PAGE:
Evaluating the loss of profitability and declining milk production in the Australian dairy industry
Published in Australasian Agribusiness Perspectives
By David Beca
The question explored is whether, and, if so, why a significant proportion of dairy farm businesses in Australia have lost their competitiveness compared to other major dairy producers in the world. Since 2001 the Australian dairy industry has been contracting in size (reducing total milk production), unlike any of the other major exporting countries outside the European Union. Although many reasons have been proposed to explain this contraction in milk supply, it could reasonably be interpreted as confirmation that a significant proportion of Australian dairy farmers are not sufficiently profitable to maintain and grow their businesses. In this paper, comparisons between dairy farmers in six countries (Australia, New Zealand, United States, Argentina, Uruguay and South Africa) are utilised to determine whether factors “outside the farm gate” can explain the loss in profitability in the industry, and to determine what factors “inside the farm gate” are involved. Factors examined include milk price, weather/drought, industry deregulation, farm size and production system including pasture harvest and major cost centres. This paper proposes that the choice of production system by farmers is the primary determinant of the loss in profitability within the Australian industry and the contraction in milk supply. Furthermore, if in the future a lower cost of production system is adopted by Australian dairy farmers on their farms, these individual farms will improve their profitability and, if this is done by significant numbers of dairy farmers, the Australian dairy industry could return to a position of annual increases in milk supply of 2-3 per cent.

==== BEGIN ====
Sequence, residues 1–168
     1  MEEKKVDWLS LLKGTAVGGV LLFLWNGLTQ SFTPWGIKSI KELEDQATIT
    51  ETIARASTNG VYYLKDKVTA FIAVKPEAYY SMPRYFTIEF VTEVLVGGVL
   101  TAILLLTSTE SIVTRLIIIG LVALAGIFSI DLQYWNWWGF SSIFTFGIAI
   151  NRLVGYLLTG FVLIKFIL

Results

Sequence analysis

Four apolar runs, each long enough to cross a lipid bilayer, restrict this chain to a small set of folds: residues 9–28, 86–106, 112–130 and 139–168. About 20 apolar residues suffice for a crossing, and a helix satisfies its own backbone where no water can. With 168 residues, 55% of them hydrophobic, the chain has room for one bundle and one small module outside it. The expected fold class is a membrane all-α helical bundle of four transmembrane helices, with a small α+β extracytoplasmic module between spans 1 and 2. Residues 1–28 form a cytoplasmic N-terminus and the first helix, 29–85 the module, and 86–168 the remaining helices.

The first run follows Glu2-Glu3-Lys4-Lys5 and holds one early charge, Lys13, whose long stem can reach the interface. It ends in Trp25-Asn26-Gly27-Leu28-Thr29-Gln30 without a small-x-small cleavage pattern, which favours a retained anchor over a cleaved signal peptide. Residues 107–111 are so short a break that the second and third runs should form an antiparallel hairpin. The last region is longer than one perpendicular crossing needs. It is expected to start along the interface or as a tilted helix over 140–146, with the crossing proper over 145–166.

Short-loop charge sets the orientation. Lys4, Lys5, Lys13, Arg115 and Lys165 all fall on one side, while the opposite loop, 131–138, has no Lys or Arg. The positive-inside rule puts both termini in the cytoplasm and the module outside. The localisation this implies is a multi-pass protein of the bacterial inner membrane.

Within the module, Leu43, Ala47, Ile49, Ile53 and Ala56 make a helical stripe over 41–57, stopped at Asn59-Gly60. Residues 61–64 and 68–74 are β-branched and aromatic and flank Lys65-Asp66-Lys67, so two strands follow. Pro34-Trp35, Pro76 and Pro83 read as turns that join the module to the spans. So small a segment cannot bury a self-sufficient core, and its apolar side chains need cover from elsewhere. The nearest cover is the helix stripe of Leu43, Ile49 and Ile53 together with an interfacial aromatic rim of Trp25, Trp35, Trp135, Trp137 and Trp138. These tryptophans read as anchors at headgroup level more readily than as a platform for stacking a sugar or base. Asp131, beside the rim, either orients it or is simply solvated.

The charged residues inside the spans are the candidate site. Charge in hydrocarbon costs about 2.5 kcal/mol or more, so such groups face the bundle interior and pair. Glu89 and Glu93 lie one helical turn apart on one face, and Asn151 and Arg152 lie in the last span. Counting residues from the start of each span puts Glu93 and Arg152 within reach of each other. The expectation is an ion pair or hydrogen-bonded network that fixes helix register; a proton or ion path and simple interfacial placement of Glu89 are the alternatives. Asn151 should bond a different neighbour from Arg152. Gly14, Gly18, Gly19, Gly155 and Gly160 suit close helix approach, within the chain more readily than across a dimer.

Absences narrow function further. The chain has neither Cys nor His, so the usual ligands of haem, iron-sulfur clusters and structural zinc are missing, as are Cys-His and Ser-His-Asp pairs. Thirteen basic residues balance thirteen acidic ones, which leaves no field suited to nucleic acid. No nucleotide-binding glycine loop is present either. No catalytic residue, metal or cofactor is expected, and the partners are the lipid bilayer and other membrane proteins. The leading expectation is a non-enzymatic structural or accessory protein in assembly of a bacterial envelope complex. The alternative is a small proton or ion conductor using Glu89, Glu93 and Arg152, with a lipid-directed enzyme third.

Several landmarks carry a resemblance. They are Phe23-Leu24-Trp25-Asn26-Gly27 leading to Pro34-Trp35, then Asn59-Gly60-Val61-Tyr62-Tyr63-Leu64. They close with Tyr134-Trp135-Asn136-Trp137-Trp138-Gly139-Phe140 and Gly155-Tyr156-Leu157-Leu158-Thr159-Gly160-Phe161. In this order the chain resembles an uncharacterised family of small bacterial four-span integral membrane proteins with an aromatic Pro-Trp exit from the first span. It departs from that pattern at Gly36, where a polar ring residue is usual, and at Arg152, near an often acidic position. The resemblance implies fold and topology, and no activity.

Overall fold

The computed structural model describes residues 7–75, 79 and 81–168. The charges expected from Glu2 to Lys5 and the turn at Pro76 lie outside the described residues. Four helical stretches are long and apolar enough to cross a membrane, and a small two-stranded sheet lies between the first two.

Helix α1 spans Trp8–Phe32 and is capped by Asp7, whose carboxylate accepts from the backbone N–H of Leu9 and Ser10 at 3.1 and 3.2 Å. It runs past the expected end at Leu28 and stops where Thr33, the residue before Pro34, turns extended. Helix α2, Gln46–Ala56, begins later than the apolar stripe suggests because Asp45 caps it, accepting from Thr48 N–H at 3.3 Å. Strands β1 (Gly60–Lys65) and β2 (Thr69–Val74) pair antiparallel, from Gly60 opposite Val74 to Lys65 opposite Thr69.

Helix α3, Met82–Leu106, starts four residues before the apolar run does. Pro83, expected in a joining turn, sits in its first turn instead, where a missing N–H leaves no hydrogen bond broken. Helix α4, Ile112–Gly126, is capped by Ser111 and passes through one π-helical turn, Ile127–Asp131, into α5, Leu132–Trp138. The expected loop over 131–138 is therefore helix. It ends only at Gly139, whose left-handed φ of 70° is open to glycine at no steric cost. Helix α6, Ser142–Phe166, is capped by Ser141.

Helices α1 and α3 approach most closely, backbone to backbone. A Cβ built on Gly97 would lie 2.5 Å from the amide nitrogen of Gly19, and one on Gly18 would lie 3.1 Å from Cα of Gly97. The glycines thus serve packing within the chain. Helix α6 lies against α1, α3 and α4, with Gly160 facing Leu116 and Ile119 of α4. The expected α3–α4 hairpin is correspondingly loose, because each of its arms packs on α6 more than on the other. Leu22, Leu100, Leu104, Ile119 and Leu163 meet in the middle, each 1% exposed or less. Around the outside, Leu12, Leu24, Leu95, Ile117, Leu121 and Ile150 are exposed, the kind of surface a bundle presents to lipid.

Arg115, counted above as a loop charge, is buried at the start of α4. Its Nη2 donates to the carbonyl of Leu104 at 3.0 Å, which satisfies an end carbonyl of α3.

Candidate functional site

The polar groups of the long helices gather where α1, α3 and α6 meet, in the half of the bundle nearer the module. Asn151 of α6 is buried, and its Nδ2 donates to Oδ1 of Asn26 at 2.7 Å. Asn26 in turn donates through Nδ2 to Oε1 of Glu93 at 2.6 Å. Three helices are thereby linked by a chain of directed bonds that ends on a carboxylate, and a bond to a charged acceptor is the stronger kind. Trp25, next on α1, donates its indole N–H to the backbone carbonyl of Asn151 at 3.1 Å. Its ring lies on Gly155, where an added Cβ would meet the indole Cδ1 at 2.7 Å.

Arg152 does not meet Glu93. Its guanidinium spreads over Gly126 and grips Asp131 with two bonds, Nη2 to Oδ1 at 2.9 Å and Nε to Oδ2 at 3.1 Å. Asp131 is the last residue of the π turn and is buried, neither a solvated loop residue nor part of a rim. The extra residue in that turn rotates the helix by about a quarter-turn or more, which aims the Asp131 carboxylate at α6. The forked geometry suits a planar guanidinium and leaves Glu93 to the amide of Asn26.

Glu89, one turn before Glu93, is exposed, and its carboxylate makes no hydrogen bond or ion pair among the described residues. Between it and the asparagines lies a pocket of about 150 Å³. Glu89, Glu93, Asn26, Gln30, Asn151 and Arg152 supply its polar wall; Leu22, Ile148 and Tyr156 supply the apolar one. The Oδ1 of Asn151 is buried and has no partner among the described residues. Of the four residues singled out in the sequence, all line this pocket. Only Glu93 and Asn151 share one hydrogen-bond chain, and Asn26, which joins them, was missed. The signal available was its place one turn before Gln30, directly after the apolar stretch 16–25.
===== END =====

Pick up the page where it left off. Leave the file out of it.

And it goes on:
This addendum to the paper includes additional information on all six countries that could not be included in the published paper, and explores more of the comparative performance in areas such as profit per hectare, milk production per hectare, stocking rate, pasture cost per tonne dry matter, supplement cost per litre, milk components (solids percentage), and total assets employed per cow. In addition, it considers how farmers might respond to the huge advantage New Zealand farmers have in pasture cost, and hence total feed cost per litre, compared to farmers in all other countries.
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